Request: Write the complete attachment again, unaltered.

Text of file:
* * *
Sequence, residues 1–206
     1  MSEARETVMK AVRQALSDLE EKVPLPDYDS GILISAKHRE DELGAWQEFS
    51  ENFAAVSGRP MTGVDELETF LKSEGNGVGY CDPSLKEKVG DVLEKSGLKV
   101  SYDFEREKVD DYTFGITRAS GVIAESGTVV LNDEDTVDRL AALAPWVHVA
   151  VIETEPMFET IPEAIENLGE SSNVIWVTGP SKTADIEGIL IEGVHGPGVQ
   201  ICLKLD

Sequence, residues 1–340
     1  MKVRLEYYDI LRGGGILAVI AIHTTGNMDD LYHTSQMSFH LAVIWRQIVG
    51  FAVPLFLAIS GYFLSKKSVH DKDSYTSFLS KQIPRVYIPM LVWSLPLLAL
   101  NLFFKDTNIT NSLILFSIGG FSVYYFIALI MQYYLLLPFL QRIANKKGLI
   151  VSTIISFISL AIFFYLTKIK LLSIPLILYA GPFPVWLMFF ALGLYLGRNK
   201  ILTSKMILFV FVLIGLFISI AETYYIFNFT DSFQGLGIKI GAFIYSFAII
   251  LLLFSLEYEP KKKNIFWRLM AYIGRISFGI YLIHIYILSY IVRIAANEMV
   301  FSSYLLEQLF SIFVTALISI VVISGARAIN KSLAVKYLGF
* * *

Sequence, residues 1–206
     1  MSEARETVMK AVRQALSDLE EKVPLPDYDS GILISAKHRE DELGAWQEFS
    51  ENFAAVSGRP MTGVDELETF LKSEGNGVGY CDPSLKEKVG DVLEKSGLKV
   101  SYDFEREKVD DYTFGITRAS GVIAESGTVV LNDEDTVDRL AALAPWVHVA
   151  VIETEPMFET IPEAIENLGE SSNVIWVTGP SKTADIEGIL IEGVHGPGVQ
   201  ICLKLD

Sequence, residues 1–340
     1  MKVRLEYYDI LRGGGILAVI AIHTTGNMDD LYHTSQMSFH LAVIWRQIVG
    51  FAVPLFLAIS GYFLSKKSVH DKDSYTSFLS KQIPRVYIPM LVWSLPLLAL
   101  NLFFKDTNIT NSLILFSIGG FSVYYFIALI MQYYLLLPFL QRIANKKGLI
   151  VSTIISFISL AIFFYLTKIK LLSIPLILYA GPFPVWLMFF ALGLYLGRNK
   201  ILTSKMILFV FVLIGLFISI AETYYIFNFT DSFQGLGIKI GAFIYSFAII
   251  LLLFSLEYEP KKKNIFWRLM AYIGRISFGI YLIHIYILSY IVRIAANEMV
   301  FSSYLLEQLF SIFVTALISI VVISGARAIN KSLAVKYLGF